6. Spend time with friends & family. Study after study shows that after you reach a level where your basic needs are met, where you live, more money, your job title, or even your health status will NOT make you more happy. What does make you more happy appears to be strong personal relationships. When you are busy chasing life, if you want to be happy, do not forget this piece. When you are too busy for your friends and family, reconsider. If you don’t want to see your friends or family, ask yourself why. If it is because the people make you feel rotten, then build a new community. Always surround yourself with people who support you, and make sure to take time for these special friendships as they will bring you the most joy.

7. Find meaning in your life. As mentioned in the healthy retirement blog post, having a purpose is central to our ability to be satisfied and happy. For a lot of people this is tough. What this one boils down to is a lot of self-study – the ability to know yourself inside and out. What makes you tick? The better you know yourself the easier it will be to understand what drives you and motivates you. Knowing your strengths and finding ways to realize them in the world can boost your happiness and feelings of satisfaction. If you have trouble with pinning down your strengths, ask people that know you well and that you trust. See what they say. You might be surprised or you might receive affirmation in what you already know about yourself.

8. Show up. Get engaged in what you do. Dig into the good, the bad, and the ugly. The more you disconnect yourself from your surroundings, your work, your friends, your family, the worse you are going to feel about your life. Life is not easy, but if you come to the table with your eyes and heart open, you will have a better chance of being resilient to the daily stress and challenges that life ultimately brings. If you try to avoid or ignore the hard stuff, you are only going to cause more trouble for yourself down the road. The best thing you can do for yourself is show up and be an active participant in your life. Nobody else is going to live your life but you. So go out there and live out your legacy!

I hope this post gives you a little inspiration, I know it revs me up! It can be a little overwhelming, I know – believe me. But what I find works best for me is to pick one or two items to focus on at a time.

How many of these 8 practices do you have in check? 

Which ones do you feel like you need to work on right now? 

Any other practices you find helpful in your own life that you would like to share?

Success ≠ Happiness

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How do you balance the challenge of what it means to be successful? Does success mean working harder? Does success mean striving to be better? Does success mean “doing” more? According to the way we are socialized, the answer is typically, “Yes,” to all three questions. Yet, this view-point is so far from the truth, because it fails to celebrate and acknowledge the joys that occur in the present moment. Which is why I decided to put my work away today and visit this neglected but dearly loved, blog of mine.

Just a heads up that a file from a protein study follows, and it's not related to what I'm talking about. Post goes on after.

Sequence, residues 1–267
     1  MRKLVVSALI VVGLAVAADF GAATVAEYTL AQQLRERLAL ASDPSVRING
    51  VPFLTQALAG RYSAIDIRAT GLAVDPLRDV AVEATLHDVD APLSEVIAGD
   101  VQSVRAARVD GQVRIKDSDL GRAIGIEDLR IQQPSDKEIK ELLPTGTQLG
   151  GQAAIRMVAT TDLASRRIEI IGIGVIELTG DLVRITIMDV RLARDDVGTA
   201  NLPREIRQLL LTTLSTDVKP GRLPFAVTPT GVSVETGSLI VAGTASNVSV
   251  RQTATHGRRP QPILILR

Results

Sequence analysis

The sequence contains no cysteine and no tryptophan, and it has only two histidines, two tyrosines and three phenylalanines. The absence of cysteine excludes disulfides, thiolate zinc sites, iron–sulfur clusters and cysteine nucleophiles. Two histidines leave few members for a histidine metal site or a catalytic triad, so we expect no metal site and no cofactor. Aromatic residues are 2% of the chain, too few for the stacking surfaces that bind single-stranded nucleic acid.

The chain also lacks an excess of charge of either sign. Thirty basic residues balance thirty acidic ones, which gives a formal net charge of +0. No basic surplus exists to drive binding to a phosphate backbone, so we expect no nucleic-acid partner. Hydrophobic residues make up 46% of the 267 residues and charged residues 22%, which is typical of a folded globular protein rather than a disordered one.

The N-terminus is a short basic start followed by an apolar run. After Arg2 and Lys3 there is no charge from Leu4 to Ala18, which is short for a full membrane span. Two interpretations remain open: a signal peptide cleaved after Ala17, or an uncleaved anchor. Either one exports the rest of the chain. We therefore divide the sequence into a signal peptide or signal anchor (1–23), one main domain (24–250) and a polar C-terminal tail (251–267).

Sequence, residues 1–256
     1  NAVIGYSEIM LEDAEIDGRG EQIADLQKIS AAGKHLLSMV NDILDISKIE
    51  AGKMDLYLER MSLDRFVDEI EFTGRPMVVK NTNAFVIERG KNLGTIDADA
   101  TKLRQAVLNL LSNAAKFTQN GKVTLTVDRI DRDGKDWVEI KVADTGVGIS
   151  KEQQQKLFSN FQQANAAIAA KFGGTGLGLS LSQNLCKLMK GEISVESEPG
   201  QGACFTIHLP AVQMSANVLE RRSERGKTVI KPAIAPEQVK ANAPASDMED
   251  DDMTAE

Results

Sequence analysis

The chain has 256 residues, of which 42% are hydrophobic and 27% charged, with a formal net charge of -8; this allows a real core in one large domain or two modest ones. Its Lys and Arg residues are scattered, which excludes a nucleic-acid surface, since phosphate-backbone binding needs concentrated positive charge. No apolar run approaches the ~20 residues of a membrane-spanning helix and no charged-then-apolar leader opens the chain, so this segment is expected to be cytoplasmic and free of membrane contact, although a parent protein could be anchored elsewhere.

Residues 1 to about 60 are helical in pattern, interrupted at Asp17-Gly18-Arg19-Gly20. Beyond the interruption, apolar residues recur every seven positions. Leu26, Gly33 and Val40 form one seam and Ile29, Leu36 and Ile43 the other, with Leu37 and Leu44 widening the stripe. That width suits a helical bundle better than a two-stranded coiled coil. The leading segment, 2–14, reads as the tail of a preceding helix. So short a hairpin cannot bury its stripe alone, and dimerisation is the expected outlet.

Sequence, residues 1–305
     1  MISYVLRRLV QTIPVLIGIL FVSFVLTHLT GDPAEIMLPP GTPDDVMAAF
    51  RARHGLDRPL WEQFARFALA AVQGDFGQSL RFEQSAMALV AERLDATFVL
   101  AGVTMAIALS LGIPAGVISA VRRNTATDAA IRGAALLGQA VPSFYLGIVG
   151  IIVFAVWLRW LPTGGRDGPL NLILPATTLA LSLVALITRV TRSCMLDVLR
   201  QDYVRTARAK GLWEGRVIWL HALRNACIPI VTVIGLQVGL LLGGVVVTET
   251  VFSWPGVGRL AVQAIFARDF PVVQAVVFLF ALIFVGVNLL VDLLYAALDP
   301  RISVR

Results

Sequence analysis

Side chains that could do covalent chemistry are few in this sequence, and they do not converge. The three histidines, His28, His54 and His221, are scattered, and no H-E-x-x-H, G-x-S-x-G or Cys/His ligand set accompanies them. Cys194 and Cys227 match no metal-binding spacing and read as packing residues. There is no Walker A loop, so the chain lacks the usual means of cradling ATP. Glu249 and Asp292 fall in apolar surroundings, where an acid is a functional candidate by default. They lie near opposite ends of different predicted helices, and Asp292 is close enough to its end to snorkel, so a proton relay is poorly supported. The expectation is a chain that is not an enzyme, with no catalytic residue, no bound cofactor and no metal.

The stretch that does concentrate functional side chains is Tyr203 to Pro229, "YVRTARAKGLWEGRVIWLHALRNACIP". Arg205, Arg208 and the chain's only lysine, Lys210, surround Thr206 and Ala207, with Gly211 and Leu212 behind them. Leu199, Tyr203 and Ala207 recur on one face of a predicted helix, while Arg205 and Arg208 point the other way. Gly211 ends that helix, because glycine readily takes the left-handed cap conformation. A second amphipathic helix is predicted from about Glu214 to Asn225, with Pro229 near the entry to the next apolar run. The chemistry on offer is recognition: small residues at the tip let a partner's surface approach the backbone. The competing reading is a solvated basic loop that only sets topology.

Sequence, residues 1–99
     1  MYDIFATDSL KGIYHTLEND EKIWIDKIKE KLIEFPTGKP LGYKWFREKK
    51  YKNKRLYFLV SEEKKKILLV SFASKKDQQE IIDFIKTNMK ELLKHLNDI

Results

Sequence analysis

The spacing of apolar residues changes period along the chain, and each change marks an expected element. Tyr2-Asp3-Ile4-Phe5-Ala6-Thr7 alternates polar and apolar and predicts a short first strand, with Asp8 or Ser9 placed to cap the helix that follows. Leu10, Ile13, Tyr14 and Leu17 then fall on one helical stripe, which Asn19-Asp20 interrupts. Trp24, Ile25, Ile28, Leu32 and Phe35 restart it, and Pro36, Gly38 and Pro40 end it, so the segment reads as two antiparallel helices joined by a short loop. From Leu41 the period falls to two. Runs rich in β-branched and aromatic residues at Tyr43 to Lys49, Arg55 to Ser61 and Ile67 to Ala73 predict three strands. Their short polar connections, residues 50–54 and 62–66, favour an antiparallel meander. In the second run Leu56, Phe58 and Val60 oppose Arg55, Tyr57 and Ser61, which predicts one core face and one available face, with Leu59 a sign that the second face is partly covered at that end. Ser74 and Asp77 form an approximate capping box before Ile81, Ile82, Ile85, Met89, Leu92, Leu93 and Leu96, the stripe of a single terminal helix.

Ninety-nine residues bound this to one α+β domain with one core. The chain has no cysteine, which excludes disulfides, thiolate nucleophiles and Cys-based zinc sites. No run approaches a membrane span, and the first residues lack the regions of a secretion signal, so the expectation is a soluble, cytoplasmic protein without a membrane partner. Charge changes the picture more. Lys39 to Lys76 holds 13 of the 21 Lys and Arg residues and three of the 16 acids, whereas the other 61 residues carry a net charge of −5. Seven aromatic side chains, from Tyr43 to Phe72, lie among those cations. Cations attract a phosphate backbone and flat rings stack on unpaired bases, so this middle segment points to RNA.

Shawn Achor’s TEDtalk nails it. Our society tends to believe that the external world can predict how happy people are. We see someone with a nice job, a new car, a lovely house, a handsome lover, an ivy league education, etc., and we assume life must be good for them. Just like we assume, if we become more successful and have more nice, pretty things that we, too, may be happier.

This mentality is misleading, and it is time to break the spell as individuals and as a community and to start recognizing what really makes us happy. Shawn Achor’s TEDtalk mentions that 90% of our long-term happiness is predicted not by the external world (things we have/things we do) but by the way our brain processes the world (our internal self/our outlook). He goes on to illustrate how our personal and collective perspectives can impact the world within us and around us.

He explains that by raising positive thinking and optimism in the present moment, instead of focusing on future-oriented/desired success, we will become happier living in the moment. This resulting happiness and shift in perspective activates all learning centers in our brain and raises our intelligence, creativity, and overall energy.

While his talk is framed around how we can improve our success at work, it really is about how we can improve and reclaim the direction of our life, health, and happiness. Which direction will you take?

Shawn’s Recommended Exercise: Train your brain to become more positive by making optimism a habit. Try out all or any of these 5 activities for 21 days, and you will be on your way to teaching your brain to scan for the positive rather than the negative.

1. Write out 3 gratitudes a day.

2. Journal about a positive experience you had each day.

3. Make time for exercise – it helps remind you that behavior does matter.

4. Meditate to help you overcome your culturally acquired ADHD.

5. Perform random acts of kindness, practice compassion. It makes you and the world happier.

If you need to be reminded how important it is to raise your optimism levels in the present moment and let go of the illusion that success = happiness, then this is the video for you. I highly recommend.